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Background It is critical to understand whether infection with Severe Acute Respiratory Syndrome Coronavirus 2 (SARS-CoV-2) protects from subsequent reinfection. Methods We investigated the incidence of SARS-CoV-2 PCR-positive results in seropositive and seronegative healthcare workers (HCWs) attending asymptomatic and symptomatic staff testing at Oxford University Hospitals, UK. Baseline antibody status was determined using anti-spike and/or anti-nucleocapsid IgG assays and staff followed for up to 30 weeks. We used Poisson regression to estimate the relative incidence of PCR-positive results and new symptomatic infection by antibody status, accounting for age, gender and changes in incidence over time. Results A total of 12219 HCWs participated and had anti-spike IgG measured, 11052 were followed up after negative and 1246 after positive antibody results including 79 who seroconverted during follow up. 89 PCR-confirmed symptomatic infections occurred in seronegative individuals (0.46 cases per 10,000 days at risk) and no symptomatic infections in those with anti-spike antibodies. Additionally, 76 (0.40/10,000 days at risk) anti-spike IgG seronegative individuals had PCR-positive tests in asymptomatic screening, compared to 3 (0.21/10,000 days at risk) seropositive individuals. Overall, positive baseline anti-spike antibodies were associated with lower rates of PCR-positivity (with or without symptoms) (adjusted rate ratio 0.24 [95%CI 0.08-0.76, p=0.015]). Rate ratios were similar using anti-nucleocapsid IgG alone or combined with anti-spike IgG to determine baseline status. Conclusions Prior SARS-CoV-2 infection that generated antibody responses offered protection from reinfection for most people in the six months following infection. Further work is required to determine the long-term duration and correlates of post-infection immunity.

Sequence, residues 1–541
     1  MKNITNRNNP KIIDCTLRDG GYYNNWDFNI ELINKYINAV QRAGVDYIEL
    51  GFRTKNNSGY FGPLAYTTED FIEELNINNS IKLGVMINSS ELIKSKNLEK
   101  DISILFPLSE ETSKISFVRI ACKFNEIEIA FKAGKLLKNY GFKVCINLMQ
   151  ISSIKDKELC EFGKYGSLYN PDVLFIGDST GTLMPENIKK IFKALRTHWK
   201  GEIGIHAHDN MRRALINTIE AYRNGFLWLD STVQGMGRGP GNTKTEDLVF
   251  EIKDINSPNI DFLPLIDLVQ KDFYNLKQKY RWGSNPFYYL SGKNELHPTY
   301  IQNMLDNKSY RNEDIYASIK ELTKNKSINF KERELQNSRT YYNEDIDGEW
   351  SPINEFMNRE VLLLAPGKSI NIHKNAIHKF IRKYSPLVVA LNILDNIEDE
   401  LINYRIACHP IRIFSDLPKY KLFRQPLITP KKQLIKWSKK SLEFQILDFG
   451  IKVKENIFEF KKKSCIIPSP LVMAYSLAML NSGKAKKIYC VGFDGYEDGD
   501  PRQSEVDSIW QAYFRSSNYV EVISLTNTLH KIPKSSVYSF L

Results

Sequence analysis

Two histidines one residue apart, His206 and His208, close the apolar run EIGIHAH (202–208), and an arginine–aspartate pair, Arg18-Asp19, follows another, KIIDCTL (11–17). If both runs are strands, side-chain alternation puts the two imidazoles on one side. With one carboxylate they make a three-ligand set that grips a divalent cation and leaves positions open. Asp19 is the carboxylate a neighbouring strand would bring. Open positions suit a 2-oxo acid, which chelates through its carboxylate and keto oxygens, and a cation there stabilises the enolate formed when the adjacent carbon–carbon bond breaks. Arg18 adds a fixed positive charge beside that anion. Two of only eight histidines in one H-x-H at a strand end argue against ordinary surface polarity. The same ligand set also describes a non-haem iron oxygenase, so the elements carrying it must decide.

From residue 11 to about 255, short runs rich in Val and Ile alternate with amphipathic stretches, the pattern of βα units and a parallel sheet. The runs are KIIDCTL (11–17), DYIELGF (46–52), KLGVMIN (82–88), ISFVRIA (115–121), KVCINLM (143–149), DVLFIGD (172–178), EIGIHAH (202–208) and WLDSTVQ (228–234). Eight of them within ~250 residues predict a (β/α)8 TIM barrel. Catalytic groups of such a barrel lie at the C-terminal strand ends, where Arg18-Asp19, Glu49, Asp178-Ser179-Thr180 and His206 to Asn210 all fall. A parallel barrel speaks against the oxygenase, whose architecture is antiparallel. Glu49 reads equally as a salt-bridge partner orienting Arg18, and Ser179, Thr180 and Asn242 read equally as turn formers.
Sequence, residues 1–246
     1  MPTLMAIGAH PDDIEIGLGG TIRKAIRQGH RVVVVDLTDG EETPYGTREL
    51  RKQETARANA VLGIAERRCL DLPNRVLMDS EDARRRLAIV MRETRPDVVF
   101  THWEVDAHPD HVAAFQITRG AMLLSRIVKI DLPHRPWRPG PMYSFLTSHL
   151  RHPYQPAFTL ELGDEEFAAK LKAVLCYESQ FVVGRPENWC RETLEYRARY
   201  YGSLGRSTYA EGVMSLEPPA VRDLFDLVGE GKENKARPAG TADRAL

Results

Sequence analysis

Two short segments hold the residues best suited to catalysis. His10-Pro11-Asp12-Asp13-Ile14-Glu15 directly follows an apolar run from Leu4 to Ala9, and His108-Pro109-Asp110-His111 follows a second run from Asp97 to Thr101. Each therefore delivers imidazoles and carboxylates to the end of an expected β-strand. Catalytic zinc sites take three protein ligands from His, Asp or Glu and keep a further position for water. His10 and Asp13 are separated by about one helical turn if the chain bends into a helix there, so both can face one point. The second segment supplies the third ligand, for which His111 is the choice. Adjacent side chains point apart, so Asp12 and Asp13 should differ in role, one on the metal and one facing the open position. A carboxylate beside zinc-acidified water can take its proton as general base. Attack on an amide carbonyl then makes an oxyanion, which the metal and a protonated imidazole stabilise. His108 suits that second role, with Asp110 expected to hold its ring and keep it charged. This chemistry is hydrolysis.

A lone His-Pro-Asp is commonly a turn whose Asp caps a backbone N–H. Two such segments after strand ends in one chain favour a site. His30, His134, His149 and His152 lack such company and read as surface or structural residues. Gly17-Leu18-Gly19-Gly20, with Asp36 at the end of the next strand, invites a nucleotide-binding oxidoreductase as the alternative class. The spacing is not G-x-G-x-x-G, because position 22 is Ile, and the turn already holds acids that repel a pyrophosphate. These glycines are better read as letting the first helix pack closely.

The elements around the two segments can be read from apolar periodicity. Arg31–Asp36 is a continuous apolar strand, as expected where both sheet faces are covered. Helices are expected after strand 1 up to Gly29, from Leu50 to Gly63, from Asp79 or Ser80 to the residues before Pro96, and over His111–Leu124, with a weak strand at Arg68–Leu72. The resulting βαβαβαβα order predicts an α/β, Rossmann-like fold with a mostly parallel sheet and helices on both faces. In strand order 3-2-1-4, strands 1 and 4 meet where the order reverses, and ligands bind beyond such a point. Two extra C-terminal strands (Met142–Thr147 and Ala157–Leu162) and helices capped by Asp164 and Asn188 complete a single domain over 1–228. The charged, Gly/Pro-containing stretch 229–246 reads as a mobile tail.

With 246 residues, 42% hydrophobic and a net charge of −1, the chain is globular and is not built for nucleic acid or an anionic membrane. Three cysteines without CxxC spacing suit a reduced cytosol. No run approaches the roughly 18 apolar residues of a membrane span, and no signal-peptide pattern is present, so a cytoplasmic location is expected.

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Journal article

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Oxford University Hospitals Staff Testing Group